(i)     (ii)               (iii)
                                  (Df.k2)  aKp  ≡  p & aBp & (aEBp & (E => p)).

     The addition of the condition that E must in some sense imply the truth of p should eliminate Gettier’s counterexamples, because in these cases it is only a coincidence that the conditions of truth and of justification are conjunctively satisfied: in none of these cases does E entail the truth of p.
     Unfortunately, Almeder’s proposal has always seemed too strong, making inductive justification impossible, for in these cases the truth of proposition p does not necessarily follow from the truth of the proposition E asserting the justifying evidence, as should occur in the case of entailment.
     There is a rejoinder to this kind of solution that has been proposed by W.E. Hoffmann, which poses the problem in a striking way.  Compare the following two cases: (i) Having nothing better to do, Jones sits in the lobby of a hotel for some hours watching some very large people crossing a certain spot carrying heavy suitcases and then, concluding inductively that the floor at this spot can obviously also support his weight, confidently walks across it. (ii) In the lobby of another hotel, Smith conducts an experiment identical to that of Jones in every detail, except that the floor caves in when he tries to walk across it. Comparing the two cases shows us that since the proposition p – ‘The floor will support me’ – and the justifying evidence E are similar in both cases, and since E does not make p true in the case of Smith, then E does not entail the truth of p. However, if this reasoning is correct, Almeder’s acceptance of a requirement such as ‘E => p’ leads to the conclusion that Jones does not know p too, which is surely false.

The Epistemic Link: Fogelin’s Solution
A more successful attempt to solve Gettier’s problem by relating the conditions of justification and truth was proposed by Robert Fogelin in the nineties. His approach, unlike Almeder’s, already places the problem in a dialogical context. According to his view, the justifying evidence given by anyone claiming knowledge must be both a personal justification and an epistemic justification. A personal justification is one that satisfies the condition of epistemic responsibility, being consonant with the right epistemic standards and the information available to the person; this is what I called reasonable evidence when introducing the tripartite definition. The evidence stated in Gettier’s cases satisfies this requirement. On the other hand, an epistemic justification must also be evidence (a ground, a reason) that establishes the truth of the proposition p for us – which no Gettierian counterexample is able to do. In all of them, Fogelin says, we have ‘wider information’ than person a, and because of this we can see that the justification given by a, though personally justified, cannot make proposition p true, as it fails to satisfy the standard of epistemic justification. As he states:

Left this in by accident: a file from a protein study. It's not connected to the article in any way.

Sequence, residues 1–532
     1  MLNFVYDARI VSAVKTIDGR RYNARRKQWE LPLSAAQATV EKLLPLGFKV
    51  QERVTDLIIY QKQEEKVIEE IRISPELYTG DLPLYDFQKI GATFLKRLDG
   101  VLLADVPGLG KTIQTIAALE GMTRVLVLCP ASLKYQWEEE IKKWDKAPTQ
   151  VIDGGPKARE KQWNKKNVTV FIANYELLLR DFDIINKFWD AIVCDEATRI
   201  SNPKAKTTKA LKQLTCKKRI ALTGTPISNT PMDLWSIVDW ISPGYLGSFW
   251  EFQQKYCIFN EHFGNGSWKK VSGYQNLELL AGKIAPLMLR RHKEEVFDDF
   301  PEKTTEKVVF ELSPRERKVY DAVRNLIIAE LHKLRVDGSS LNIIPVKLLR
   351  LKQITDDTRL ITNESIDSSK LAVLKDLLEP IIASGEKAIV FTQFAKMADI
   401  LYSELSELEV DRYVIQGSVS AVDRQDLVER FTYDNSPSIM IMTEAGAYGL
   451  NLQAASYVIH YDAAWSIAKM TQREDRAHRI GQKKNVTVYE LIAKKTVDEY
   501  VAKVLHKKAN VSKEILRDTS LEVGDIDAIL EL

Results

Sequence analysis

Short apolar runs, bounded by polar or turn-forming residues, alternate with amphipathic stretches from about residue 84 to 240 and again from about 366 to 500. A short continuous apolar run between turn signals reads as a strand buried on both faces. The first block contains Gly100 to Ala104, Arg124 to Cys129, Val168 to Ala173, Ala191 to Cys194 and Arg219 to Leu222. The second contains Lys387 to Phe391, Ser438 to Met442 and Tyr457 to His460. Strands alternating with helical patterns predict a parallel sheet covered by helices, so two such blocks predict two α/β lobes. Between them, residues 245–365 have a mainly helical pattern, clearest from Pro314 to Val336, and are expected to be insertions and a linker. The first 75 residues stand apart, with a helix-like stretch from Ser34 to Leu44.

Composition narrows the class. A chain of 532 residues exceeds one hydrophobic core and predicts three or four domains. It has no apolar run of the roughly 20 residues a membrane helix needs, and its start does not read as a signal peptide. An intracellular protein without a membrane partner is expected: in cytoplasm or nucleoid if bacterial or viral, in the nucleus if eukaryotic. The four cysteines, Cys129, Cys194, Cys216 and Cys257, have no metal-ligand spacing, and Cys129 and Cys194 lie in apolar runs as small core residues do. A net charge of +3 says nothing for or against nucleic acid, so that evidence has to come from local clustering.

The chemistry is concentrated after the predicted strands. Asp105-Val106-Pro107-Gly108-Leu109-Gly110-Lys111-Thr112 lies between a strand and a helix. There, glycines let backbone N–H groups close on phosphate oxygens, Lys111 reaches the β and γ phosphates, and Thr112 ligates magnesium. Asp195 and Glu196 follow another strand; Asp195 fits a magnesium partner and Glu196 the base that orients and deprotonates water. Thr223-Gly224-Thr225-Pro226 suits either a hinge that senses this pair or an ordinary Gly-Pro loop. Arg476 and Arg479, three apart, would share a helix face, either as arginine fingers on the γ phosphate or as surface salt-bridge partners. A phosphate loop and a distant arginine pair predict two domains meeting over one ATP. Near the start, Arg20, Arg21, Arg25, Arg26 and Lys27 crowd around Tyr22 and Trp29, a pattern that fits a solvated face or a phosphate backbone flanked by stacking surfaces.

We are given wider information than a possesses, and in virtue of this wider information see that a’s grounds, though responsibly invoked, do not justify p. I think this double informational setting – this informational mismatch between the evidence a is given and the evidence we are given – lies in the heart of Gettier’s problem. 
     So, returning to the counterexample, we see that the evidence given by a, that b stole a book from the library today because a saw this, is epistemically inadequate. And the reason for this inadequacy is given by the wider information that we have, for we know that c, b’s identical twin, also stole a book, and that this is what a really saw this afternoon.
     According to this view, the condition of justification in the tripartite definition of propositional knowledge should be split into a condition of personal justification (iii-p) and a condition of epistemic justification (iii-e), and based on this we obtain the following definition of propositional knowledge:

       a knows that p   ≡    (i) p is true,
                                     (ii) a believes that p is true,
                                     (iii-p) a justifiably came to believe p,
                                     (iii-e) the justifying evidence given by a
                                               establishes the truth of p.

     This formulation immunizes the tripartite definition against counterexamples of Gettier’s type because, although they satisfy (iii-p), they do not satisfy (iii-e); hence they are correctly identified as cases that fall short of knowledge.
     Although this version of the tripartite definition is intuitively acceptable, as it already reflects the perspectival and often dialogical dimension of our knowledge evaluations, it still leaves unsolved the logical problem addressed by Almeder, namely, the question of what kind of logical or internal link exists between conditions (iii-e) and (i), between justifying evidence and truth. If the word ‘establishes’ in (iii-e) means the same thing as ‘entails’, then we are reverting back to the same difficulties.